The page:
- 4. Open fixtures, measure and record compressed thickness on both the outer and inner end of the flats on all six pieces, and identify the location from which they came. You might want to place a mark on the fixture itself for reference (Figure 1D).
|Figure 1A||Figure 1B||Figure 1C||Figure 1D|
These fixtures yielded the following measurements near the outer and inner edges:
- 2 O'clock: 0.089" Outer, 0.089" Inner
- 4 O'clock: 0.088" Outer, 0.088" Inner
- 6 O'clock: 0.094" Outer, 0.092" Inner
- 8 O'clock: 0.099" Outer, 0.098" Inner
- 10 O'clock: 0.097" Outer, 0.099" Inner
- 12 O'clock: 0.096" Outer, 0.095" Inner
Measurements indicate that the fixtures are parallel within 0.011", and the O.D. to I.D. flatness indicates fixtures are flat from inner to outer edges. From these measurements, we have verified that the current fixture arrangement and orientation will provide less contact pressure between the 8 o'clock and 12 o'clock positions. As a result, the clear decision is to re-machine both surfaces flat and repeat the solder test. Maximum variation should not exceed 0.007" around the fixture.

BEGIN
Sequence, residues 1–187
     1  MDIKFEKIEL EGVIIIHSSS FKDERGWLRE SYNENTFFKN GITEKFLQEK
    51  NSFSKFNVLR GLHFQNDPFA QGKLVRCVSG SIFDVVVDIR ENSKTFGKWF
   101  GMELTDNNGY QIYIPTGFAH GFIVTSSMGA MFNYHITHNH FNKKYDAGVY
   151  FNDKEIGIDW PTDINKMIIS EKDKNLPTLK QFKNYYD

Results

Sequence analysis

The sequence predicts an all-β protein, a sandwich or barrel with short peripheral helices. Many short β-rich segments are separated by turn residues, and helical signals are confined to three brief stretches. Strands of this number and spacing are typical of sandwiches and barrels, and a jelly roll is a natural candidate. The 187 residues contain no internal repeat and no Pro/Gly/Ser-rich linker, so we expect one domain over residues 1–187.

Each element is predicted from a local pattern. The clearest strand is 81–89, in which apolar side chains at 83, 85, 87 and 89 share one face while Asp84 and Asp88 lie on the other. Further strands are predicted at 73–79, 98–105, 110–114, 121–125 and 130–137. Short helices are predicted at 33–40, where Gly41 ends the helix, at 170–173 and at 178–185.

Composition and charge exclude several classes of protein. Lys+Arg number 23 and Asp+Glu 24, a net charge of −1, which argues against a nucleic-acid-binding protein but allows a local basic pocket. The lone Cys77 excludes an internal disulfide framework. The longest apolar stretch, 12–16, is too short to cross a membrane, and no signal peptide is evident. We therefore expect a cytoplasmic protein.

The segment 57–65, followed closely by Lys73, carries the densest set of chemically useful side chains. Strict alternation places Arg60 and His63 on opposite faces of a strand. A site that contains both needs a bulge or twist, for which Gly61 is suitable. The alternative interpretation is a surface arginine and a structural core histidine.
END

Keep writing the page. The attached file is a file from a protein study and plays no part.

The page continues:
You also can use carbon transfer paper across the face of the fixture to identify any low/high points as a starting point for locating solder. Again, make sure heating elements are cold and fixtures/components are at room temperature.
Contact paper is more reliable and costs a little more; it also is a good tool to aid in identifying contact loading between the back of the piston being bonded and the fixture, as well as the relationship of the front of piston to the fixture (with and without material). Contact paper is available in multiple ranges depending on pressures being used. (For reference, I've used Pressurex, with pressure range 70 to 350 psi, from Sensor Products, LLC, Sensor Products, Inc., 300 Madison Ave., Madison, NJ 07940, 973-884-1755.)